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Three family murder-suicides within ten days shock Turkey as the country faces record unemployment

Sami Kent
Turkey is suffering its longest period of high unemployment  - NurPhoto

The deaths of three separate families within ten days have shocked Turkey as the country struggles with mass unemployment and a financial crisis. 

On Friday, authorities confirmed that a family of three had been found dead in their home in the central Istanbul district of Bakırköy, poisoned by cyanide. 

Police had entered the house after neighbours complained of a chemical smell. Bülent Kerimoğlu, the local mayor, said that the father, a jeweller, had financial troubles, and had poisoned himself, his wife, and his six-year-old child.

It follows two similar stories involving cyanide.

Earlier in the month, police discovered the bodies of a family of four, including a nine year-old daughter and a five year-old son, in their home in the southern city of Antalya.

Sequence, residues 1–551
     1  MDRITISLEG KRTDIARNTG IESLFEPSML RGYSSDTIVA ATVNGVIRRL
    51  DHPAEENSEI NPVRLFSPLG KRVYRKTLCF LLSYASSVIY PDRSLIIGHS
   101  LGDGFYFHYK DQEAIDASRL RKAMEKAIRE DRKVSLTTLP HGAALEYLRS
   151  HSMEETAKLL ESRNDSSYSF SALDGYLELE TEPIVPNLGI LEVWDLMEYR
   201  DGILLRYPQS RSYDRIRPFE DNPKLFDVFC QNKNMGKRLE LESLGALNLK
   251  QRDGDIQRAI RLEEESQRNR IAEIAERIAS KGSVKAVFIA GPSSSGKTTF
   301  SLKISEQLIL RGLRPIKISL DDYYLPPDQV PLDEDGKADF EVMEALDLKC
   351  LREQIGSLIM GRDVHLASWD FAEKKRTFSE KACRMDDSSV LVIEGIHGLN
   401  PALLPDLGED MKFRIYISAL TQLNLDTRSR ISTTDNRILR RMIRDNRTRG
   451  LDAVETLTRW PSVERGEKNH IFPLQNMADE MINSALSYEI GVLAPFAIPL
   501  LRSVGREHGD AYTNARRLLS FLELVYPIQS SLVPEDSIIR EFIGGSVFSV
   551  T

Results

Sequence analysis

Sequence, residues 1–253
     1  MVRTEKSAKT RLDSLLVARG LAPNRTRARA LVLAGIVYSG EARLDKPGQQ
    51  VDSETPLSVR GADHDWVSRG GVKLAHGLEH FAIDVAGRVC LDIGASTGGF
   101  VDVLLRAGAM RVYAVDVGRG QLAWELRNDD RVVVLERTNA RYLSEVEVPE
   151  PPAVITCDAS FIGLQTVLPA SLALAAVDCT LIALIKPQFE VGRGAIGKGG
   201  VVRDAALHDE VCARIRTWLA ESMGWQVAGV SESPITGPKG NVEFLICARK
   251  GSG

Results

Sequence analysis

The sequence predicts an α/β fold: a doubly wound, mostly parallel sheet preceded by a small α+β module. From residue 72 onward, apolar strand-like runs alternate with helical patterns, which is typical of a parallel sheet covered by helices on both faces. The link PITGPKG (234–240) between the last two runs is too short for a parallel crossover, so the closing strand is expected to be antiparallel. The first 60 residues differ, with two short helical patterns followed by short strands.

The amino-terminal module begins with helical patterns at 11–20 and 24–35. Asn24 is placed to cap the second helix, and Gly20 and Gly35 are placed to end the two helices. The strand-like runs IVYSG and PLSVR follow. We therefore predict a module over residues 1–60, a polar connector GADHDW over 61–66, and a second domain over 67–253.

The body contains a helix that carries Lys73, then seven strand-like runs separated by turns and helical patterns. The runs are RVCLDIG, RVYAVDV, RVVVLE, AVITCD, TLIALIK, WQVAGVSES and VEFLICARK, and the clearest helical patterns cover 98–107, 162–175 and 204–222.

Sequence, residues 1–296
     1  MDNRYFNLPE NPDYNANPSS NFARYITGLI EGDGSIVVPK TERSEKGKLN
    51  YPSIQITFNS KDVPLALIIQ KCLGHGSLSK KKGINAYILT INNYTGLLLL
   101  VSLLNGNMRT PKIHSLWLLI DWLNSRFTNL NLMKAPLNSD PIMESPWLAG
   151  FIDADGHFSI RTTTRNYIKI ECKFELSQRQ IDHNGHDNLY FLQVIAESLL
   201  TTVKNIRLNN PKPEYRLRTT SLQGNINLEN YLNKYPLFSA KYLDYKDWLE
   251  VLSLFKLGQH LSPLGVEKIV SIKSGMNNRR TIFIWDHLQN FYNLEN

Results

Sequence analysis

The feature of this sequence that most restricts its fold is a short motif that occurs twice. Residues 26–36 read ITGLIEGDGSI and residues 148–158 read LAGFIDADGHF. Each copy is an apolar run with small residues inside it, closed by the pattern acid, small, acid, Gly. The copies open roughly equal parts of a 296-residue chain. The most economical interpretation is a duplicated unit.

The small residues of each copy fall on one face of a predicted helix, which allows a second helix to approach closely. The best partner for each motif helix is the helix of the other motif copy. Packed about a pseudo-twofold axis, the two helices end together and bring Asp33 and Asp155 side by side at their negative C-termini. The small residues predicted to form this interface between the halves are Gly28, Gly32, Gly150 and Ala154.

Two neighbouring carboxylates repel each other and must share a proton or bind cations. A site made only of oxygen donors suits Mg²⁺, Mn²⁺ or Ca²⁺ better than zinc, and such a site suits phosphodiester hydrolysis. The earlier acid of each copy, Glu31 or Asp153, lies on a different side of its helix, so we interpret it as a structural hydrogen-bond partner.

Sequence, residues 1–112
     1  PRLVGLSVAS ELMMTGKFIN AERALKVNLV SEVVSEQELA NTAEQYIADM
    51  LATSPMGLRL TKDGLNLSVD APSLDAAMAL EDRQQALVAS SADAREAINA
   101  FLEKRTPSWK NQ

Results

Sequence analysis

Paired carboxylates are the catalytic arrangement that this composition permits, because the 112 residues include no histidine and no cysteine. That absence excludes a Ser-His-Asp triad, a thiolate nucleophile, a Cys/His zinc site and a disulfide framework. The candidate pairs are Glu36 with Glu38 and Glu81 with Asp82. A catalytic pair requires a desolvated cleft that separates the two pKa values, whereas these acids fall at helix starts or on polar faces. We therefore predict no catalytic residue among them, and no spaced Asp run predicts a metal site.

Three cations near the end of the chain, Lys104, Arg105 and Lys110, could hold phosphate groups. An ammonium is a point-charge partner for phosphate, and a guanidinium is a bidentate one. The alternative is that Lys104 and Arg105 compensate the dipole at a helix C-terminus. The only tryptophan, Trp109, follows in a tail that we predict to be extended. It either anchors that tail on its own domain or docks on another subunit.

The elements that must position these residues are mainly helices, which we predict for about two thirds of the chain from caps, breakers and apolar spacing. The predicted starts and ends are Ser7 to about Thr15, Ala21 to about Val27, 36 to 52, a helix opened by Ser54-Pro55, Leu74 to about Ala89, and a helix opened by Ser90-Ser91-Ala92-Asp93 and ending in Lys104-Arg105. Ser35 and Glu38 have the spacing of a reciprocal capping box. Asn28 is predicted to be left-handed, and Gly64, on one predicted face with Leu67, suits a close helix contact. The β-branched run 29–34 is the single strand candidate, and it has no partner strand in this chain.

According to reports in local media the father, Selim Şimşek, left a note explaining he had been unemployed for nine months, adding: “I apologise to everyone, but there is nothing I can to any more. We are ending our lives.”

On Nov 5, four siblings aged between 38 and 50 killed themselves in their shared flat in Fatih, a conservative district in Istanbul, after leaving a note taped on their door reading: "Beware of cyanide. Call the police, do not enter."

They were reportedly unable to pay their debts. Turkish media has discussed the incidents at length even though conversations about suicide are usually taboo in the predominantly Muslim county. 

The opposition Republican People’s Party has said the suicides are the human cost of the country’s slow recovery from its economic crisis last year, during which the lira plunged 30 per cent in value.

Fuat Oktay, Turkey’s vice president, said there was not enough evidence to link the suicides to unemployment, and pro-government media warned about the risk of news reports fuelling copycat incidents.   

Unemployment is still near record levels, and according to official statistics published last week, the rate rose to 14 per cent for August, or 4.5 million Turks, with youth unemployment at 27 per cent. 

Şeyfettin Gürsel, the head of Bahçeşehir University’s Centre for Economic and Social Research Centre, describes the current rate of unemployment as "a real threat to the stability of Turkish society."  

This is the first time Turkey has faced such a sustained period of high unemployment.